Most of what children learn about being a human being in this world, they learn from the people they most love, but not because they have been drilled, scolded, or otherwise indoctrinated, but rather because they follow their example. If we want children to be kind, we must be kind. If we want them to be tidy, we must be tidy. If we want them to be respectful, then we must be respectful, especially toward them. Indeed, the more we focus on ourselves, on being the person we want ourselves to be, the better we "teach" the most important life lessons. Our children will not learn to pursue their passions unless the loving adults in their lives set that example for them. They will not learn to be unselfish if we live with a tight fist. They will not learn to manage their emotions, if their role models haven't figured it out for themselves.

Teach by doing whenever you can, and only fall back upon words when doing it is out of the question. ~Jean-Jacques Rousseau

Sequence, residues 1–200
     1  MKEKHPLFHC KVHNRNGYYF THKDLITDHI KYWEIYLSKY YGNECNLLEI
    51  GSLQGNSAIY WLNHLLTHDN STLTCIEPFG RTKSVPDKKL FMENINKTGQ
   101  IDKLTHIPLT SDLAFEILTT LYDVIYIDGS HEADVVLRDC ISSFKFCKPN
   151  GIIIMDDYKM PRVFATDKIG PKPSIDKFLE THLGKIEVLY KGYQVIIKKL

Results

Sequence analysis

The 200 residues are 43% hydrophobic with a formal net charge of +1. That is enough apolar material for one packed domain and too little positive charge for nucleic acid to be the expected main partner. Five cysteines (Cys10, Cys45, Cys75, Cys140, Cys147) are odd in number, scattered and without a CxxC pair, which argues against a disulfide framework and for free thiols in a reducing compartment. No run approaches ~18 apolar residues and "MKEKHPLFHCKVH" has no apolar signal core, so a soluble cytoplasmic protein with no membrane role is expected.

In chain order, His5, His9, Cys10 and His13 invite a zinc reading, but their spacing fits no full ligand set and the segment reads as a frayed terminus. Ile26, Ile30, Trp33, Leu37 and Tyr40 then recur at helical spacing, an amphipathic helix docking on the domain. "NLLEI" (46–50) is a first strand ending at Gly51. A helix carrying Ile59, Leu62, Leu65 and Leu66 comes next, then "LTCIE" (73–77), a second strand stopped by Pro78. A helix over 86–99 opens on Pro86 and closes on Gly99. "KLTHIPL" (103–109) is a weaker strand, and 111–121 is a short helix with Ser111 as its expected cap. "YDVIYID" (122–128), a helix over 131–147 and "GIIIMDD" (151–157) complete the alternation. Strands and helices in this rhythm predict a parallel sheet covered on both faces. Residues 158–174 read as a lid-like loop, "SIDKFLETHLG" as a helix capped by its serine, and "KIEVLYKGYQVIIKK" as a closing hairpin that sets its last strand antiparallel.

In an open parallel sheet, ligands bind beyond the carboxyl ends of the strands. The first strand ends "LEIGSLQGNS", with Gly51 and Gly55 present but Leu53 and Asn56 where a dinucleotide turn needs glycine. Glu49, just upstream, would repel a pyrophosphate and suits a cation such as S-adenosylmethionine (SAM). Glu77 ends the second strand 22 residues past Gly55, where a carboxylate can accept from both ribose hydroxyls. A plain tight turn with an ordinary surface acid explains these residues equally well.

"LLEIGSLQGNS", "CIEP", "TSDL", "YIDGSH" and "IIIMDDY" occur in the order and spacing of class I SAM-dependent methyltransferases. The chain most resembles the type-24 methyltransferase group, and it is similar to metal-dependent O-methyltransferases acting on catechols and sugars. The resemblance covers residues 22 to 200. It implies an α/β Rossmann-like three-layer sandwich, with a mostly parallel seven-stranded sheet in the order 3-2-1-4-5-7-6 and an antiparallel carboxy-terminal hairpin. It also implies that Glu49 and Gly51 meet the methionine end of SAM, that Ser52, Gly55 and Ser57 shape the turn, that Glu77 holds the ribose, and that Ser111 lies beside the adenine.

That's asking a lot of adults, I know, but if we are going to ask it of our children, we must also ask it of ourselves. And we must also know that we will fail in our role modeling and fail often, but in that too we are role models. Children do not expect their parents to be perfect, but they are always making a careful study of what we do when we make mistakes. Do we give up? Do we blame others? Do we rant and rave? Do we cry and mope? Or are we able to apologize, forgive ourselves, and get back up to try again? The approach we take is very likely the approach our children will, in turn, grow to embrace as their own.

Teaching is painful, continual, and difficult work to be done by kindness, by watching, and by praise, but above all by example. ~John Ruskin

Of course, we all know examples of children, perhaps even ourselves, who have overcome poor role modeling. Perhaps we eat more healthily than our own parents, or make more time for our own kids, or avoid committing felonies. But even then, we can see that is was the examples set, more than the lessons "taught," that informed the future.